Thursday, January 2, 2014

New direction for 2014

I've started, but not finished, a few blog entries since my last post at the end of 2012. For the past several years, each January started with me laying out some personal fitness goals, whether it be a Marathon (2011), the Spartan Beast (2012), or trying a ketogenic diet for the 2013 Spartan Beast and Leaf Peepers Half Marathon.

For 2014, I really didn't feel compelled to tackle any new major fitness challenges. I'm getting a little burned out from having my foot on the gas for the past 4 years. Health and fitness won't go away, but I'm not planning to TRAIN for anything major in 2014.

So, much like I used this space to record my path to my first (and so far, only) marathon, I'm going to shift gears in the TOPIC of this blog, but still attempt to maintain the "Push the Envelope. Watch it Bend." philosophy.  I have decided to build, from the ground up, a Telecaster (electric guitar). Some portions, such as building and fretting the neck, will require assistance of friends & family (namely Ennis & Lubold Luthiers), but as much as possible I'm going to use tools I have on-hand to turn some raw hunks of wood into a playable instrument at least equal to the tonal quality and playablity level of a mid-level, factory-made Fender. I will do all the wiring myself to the extent that I intend to build and wind my own pick-ups (including building my own pick-up winder).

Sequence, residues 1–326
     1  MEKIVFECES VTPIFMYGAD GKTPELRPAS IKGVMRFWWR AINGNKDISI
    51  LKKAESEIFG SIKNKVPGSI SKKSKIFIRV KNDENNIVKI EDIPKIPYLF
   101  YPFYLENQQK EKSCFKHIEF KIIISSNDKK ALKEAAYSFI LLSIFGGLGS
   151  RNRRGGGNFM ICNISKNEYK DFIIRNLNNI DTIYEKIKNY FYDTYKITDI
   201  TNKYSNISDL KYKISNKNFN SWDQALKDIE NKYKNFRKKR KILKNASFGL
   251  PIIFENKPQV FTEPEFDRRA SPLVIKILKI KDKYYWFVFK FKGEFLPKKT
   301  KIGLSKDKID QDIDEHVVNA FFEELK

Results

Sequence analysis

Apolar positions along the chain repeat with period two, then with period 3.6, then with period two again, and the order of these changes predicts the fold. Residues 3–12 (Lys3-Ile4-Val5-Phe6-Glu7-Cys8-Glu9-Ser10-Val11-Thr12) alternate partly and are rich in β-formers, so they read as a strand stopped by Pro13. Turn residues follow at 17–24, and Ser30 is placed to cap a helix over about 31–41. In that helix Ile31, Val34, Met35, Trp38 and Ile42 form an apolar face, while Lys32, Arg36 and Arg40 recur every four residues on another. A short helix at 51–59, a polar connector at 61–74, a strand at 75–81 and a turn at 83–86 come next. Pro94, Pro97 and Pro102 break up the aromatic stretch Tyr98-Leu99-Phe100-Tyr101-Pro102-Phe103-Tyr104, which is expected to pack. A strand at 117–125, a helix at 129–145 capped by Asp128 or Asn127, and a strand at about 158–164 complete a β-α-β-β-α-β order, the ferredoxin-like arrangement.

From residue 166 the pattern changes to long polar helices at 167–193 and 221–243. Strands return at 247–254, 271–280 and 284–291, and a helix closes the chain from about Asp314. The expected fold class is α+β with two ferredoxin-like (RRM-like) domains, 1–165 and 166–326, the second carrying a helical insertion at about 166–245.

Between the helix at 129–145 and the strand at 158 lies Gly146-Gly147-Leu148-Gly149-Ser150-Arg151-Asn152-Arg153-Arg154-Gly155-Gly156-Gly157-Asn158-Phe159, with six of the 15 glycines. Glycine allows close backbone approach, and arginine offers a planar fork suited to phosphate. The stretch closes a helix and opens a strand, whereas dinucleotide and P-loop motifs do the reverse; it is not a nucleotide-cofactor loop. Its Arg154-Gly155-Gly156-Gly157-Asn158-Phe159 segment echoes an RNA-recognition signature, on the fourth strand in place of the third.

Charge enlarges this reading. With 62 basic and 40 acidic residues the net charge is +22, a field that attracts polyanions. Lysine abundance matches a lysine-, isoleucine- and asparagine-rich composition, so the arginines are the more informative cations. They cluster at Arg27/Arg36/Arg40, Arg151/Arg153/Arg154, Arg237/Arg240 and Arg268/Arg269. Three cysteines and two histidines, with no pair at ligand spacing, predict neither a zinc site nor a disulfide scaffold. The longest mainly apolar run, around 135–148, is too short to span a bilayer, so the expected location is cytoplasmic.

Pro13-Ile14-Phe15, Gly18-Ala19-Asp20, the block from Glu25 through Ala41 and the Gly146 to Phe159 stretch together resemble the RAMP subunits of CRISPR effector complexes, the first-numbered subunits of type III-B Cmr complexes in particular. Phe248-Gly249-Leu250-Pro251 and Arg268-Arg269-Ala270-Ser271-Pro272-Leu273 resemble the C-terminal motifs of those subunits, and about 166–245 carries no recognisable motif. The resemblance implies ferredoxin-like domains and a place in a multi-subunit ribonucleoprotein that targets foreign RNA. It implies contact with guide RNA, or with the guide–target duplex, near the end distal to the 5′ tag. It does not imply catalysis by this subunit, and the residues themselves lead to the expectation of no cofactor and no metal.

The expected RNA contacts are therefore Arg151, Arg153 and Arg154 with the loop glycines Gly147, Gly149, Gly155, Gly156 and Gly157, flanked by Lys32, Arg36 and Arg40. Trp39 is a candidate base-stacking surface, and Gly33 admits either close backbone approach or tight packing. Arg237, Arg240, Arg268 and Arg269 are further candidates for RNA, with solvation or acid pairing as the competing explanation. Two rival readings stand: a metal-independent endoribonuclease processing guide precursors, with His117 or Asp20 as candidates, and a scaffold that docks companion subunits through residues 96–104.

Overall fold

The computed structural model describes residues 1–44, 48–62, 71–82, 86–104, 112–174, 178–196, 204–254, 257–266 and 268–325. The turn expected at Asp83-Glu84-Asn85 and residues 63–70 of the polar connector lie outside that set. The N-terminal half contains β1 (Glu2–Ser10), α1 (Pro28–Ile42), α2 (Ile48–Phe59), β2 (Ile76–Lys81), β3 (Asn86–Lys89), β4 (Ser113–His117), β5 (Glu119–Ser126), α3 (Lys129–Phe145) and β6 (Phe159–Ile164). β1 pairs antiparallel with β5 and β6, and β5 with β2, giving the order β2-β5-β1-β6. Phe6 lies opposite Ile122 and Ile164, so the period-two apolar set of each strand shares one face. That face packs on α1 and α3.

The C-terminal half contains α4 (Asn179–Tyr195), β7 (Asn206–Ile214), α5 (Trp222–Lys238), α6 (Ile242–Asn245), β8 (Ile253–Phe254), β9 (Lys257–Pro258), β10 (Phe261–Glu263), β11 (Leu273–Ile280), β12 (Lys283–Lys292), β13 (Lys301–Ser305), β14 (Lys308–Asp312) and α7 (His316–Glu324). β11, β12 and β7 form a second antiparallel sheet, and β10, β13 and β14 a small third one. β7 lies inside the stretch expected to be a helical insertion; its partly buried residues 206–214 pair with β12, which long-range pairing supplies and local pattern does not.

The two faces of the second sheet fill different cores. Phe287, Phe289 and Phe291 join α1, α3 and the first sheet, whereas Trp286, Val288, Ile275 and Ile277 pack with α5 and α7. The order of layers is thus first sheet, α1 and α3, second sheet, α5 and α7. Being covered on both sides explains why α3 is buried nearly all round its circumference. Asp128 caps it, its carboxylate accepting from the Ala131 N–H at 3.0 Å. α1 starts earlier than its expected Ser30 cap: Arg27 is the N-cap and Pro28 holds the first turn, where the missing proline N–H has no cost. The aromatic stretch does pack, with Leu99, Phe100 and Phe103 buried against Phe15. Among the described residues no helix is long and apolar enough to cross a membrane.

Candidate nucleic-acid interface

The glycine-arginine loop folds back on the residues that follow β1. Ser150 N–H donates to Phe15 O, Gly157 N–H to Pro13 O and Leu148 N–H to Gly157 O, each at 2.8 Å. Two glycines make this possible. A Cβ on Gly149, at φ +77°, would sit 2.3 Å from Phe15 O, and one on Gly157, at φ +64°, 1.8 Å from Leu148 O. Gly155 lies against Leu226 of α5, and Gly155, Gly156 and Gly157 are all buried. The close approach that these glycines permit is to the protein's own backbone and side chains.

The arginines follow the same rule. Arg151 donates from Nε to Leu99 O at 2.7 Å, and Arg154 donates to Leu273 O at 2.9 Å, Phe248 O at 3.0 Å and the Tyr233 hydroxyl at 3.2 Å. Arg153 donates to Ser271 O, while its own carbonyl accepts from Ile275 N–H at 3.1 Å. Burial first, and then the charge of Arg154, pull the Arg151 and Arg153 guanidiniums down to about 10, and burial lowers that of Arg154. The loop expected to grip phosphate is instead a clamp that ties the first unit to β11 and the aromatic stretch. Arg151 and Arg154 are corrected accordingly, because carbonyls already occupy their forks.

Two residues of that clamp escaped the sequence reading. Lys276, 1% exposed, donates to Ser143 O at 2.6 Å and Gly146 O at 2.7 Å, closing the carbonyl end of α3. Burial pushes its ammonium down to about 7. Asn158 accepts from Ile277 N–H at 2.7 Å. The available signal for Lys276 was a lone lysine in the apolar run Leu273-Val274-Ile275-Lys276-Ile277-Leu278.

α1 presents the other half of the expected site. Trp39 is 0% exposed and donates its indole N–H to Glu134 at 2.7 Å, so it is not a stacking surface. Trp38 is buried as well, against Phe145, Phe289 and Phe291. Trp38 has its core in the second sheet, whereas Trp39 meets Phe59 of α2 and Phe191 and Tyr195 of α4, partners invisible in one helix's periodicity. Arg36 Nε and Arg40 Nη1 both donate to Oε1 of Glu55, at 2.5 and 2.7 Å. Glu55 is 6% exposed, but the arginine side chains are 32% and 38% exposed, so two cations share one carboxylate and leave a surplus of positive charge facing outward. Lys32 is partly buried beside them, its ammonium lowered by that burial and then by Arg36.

There will certainly be mistakes made along the way. I have limited experience working with wood, so there will be a lot of learning happening in a short period of time. I have built from off-the-shelf parts, wired, and lacquered two electric guitars, and learned a LOT in the process of doing that. There will be another partnership-project with Ennis & Lubold that I'll announce soon that will allow my to cut my teeth on an acoustic-instrument project in parallel with the Telecaster.

The Tele project started this afternoon with the $13.80 purchase of a 2" x 8" x 36" block of Poplar that will be cut into two 18" pieces, then cut along the long edge to have a bookmatched top & back. The Poplar isn't beautifully figured and the easy way out would be to just join the 18" blocks, but where's the fun in that? Even though I fully expect to finish the guitar in paint (vs. stained/natural), a large part of this project is LEARNING, so right outta the gate I'm going to learn how to (or how NOT to) bookmatch a solid-body guitar.

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